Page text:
Tomorrow is Election Day, so get out there and vote. Barring any major polling malfunctions, by the end of the day we’ll finally have an answer to the question of who will reside in The White House for the next four years. Almost as interestingly, tomorrow could also mark a definitive change in the way we look at Presidential campaigns, potentially for decades. In particular: if Nate Silver’s ongoing, deeply statistical analysis of the race at Fivethirtyeight turns out to be an accurate predictor of the final outcome, it may alter political punditry for a long, long time.
If you’re not familiar with Silver’s work, it’s probably a reasonable if gross characterization to say that he is a kind of ‘meta-pollster.’ Each day, he surveys the most recent state and national polls, aggregating their results using a sophisticated — but proprietary — statistical model that accounts for such factors as polling methodology, past accuracy and tendency to favor one party or another. The result is what some believe to be an exceedingly accurate picture of who is ‘winning’ at any given stage of the campaign — and, of course, a prediction of who will actually win at the close of Election Day.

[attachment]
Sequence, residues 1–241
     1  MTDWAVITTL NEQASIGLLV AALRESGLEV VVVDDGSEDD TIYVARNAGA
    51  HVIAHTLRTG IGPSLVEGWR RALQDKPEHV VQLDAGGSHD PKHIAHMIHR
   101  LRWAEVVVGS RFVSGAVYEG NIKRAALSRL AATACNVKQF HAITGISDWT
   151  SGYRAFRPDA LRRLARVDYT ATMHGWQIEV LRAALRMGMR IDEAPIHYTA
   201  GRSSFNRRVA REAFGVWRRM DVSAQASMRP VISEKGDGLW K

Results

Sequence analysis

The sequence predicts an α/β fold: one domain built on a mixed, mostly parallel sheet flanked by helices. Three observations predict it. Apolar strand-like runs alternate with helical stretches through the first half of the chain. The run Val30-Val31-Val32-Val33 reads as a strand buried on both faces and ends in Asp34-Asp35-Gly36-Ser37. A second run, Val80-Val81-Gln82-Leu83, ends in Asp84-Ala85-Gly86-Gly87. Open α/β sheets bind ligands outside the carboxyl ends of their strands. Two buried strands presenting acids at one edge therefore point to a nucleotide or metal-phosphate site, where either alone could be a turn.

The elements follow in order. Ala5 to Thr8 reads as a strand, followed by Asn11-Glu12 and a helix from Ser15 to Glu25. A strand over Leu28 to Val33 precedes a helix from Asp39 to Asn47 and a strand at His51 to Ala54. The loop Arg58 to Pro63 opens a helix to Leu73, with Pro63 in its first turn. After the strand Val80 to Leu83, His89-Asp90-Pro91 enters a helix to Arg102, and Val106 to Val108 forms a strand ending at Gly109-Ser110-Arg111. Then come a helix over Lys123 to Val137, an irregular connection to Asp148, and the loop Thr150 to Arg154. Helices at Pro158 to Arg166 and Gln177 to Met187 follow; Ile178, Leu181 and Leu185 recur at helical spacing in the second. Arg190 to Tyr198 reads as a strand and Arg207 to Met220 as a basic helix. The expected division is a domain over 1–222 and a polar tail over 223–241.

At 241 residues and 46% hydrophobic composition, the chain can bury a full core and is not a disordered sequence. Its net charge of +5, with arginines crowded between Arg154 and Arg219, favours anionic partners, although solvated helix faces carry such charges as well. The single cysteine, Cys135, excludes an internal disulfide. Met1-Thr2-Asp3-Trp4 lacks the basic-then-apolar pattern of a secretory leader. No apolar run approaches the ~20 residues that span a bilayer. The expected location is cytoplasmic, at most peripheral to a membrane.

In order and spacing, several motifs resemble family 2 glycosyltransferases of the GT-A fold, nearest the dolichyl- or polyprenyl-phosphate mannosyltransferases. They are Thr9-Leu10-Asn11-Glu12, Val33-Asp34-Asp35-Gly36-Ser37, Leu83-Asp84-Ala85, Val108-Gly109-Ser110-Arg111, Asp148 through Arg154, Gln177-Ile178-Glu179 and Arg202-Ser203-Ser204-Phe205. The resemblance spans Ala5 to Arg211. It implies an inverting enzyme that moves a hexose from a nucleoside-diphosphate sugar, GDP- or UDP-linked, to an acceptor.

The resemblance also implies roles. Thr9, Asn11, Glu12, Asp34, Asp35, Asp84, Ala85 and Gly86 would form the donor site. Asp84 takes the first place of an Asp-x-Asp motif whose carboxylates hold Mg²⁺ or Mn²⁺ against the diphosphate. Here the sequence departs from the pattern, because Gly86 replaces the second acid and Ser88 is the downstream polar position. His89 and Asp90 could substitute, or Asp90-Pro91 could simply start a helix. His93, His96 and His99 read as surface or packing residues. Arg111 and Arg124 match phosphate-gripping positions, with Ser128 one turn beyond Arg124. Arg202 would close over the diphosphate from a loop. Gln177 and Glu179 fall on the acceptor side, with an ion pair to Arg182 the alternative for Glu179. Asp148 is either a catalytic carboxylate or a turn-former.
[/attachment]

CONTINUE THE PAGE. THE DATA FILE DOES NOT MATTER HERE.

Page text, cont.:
Silver began doing this work in the lead-up to November 2008, and produced eye-popping results. His model correctly predicted the winner of forty-nine of the fifty states in the presidential election, and all thirty-five of the senate races held that year.
Whether that was pure luck or not is the question that will be answered when the results of tomorrow’s election are in. If his predictions are largely accurate, it will go a long way towards validating Silver’s approach. It’s my feeling too that if that happens there’s no going back; in at least the next few election cycles, you can expect to see much more attention paid to this sort of statistical evaluation of a campaign’s progress.